John Deere Paton Focuses on High-Tech Farming and the Community
24 Jan 2022
Paton, Iowa — located in Greene County — has strong ties to agriculture and some world class manufacturing. This small town of 226 is home to a global producer of agricultural products. John Deere Paton produces the machinery that today’s high-tech farming demands: DB Planters, DB Custom Planters, 2720 Disk Rippers, and frames for 1725 and Monosem planters.
Mary Bergstrom, John Deere Paton’s factory manager, explained further about the technology behind the planters. “Farming has evolved, and so the equipment needed for the job of farming has needed to evolve with it. Today, our customers are very connected in their businesses. They need to know more about their crop faster than ever before and they need to know that they can rely on a company like John Deere to provide the right information at the right time to gain the right results.”
“There are several examples of technology, but I will focus primarily on planters,” Bergstrom said. “Today, we offer three types of row units to plant crops; our traditional MaxEmergeTM 5 row unit with basic but dependable capabilities, our entry level electric MaxEmergeTM 5e row unit, and our most advanced and accurate electric row unit the Exact EmergeTM.
“Another example is our ability to put down the exact amount of fertilizer where needed in different types of conditions by leveraging our Exact RateTM fertilizer system. Again, more technology helps the bottom line as we can control the row cleaners of the planter with our pneumatic row-cleaning system. We can also control the trench with our pneumatic closing system as well as manage the planter’s row unit depth by using our Individual Row Hydraulic Downforce system.”
“The technology does not stop there!” Bergstrom continued. “Our customers expect a user interface to match the capabilities of their machine, so we offer the Generation 4 Greenstar display paired with the cloud-based Operation Center as the hub for the farm; tying all of our activities and equipment into one location. These are just a few examples of how farms today can be more high tech than they used to be when using John Deere equipment.”
With a community the size of Paton, workforce development is top-of-mind. “Many of our employees reside in Greene County, but we have employees that commute up to 45 miles,” Bergstrom said. “When it comes to recruiting for our workforce, our employees have been our best resource by recommending talent and prospective employees within their community. We also work with Kelly Services to recruit and hire for seasonal staffing needs.”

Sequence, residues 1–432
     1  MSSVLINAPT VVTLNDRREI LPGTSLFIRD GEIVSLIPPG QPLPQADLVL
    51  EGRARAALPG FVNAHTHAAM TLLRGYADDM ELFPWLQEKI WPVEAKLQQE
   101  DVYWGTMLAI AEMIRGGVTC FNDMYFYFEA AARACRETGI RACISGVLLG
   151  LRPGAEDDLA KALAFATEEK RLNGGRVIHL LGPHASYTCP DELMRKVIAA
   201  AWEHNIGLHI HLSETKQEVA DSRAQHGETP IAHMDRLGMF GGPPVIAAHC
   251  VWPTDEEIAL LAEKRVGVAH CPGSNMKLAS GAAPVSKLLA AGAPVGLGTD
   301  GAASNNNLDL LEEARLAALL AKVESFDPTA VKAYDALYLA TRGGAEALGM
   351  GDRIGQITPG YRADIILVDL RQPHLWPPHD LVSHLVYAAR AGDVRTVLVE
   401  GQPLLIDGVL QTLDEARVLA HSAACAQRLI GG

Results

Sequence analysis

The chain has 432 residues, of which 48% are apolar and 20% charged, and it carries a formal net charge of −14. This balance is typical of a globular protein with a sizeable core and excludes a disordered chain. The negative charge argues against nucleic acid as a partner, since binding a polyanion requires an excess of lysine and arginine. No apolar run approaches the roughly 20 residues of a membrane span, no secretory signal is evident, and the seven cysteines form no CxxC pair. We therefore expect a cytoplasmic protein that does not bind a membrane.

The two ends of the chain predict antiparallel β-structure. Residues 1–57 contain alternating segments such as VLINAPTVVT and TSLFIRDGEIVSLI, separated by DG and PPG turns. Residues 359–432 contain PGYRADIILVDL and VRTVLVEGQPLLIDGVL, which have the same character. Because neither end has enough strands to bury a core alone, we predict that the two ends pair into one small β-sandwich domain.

John Deere Paton also focuses on developing the local labor pools of the future. “Community outreach is a key focus for us,” Bergstrom said. “We value our connection with our surrounding school districts. It is important to educate younger generations about the opportunities in manufacturing. In 2019, we worked with the Iowa STEM Teacher Externships program and we were happy to welcome Andy Peterson, a Southeast Valley shop teacher, as our first teacher extern. Andy was able to bring real-world examples from our factory back to his shop class, educating his students about what job opportunities exist. We started an indirect recruiting pipeline.”
“We are also interested in working with local area high schools to provide work-based learning experiences for high school student apprentice programs. In 2020, we hosted the first Introduce a Kid to Manufacturing Day at John Deere Paton where students from four surrounding school districts visited the factory and learned about manufacturing processes, innovation, and teamwork.”
“Our community expanded to include other partnerships in 2020. We partnered with the Department of Defense Skillbridge program and hired Claire Wilson as our first transitioning service member intern. Claire was able to learn about industry-leading practices while preparing to make the transition from military to civilian life and providing her expertise in starting the development of our new employee training program.”
Beyond workforce development and providing employment opportunities, John Deere Paton focuses on giving back to the community. At the beginning of the pandemic, April 2020, John Deere Paton employees delivered thousands of face shields made at the John Deere Seeding factory in Moline, Illinois, to the Greene County Medical Center.
“Our employees have been involved with building Habitat for Humanity homes, making meals for Meals for the Heartland, and donating money to help the local food bank and the Rocket Pack program at Paton-Churdan schools,” Bergstrom said. “We support surrounding school districts with FIRST Lego League grants through John Deere Inspire. We also support local Legion Auxiliary units with their events. Most recently, we worked with the John Deere Foundation to donate $30,000 to help build a bridge to enable the walking trail to pass through a conservation area just east of our facility.”
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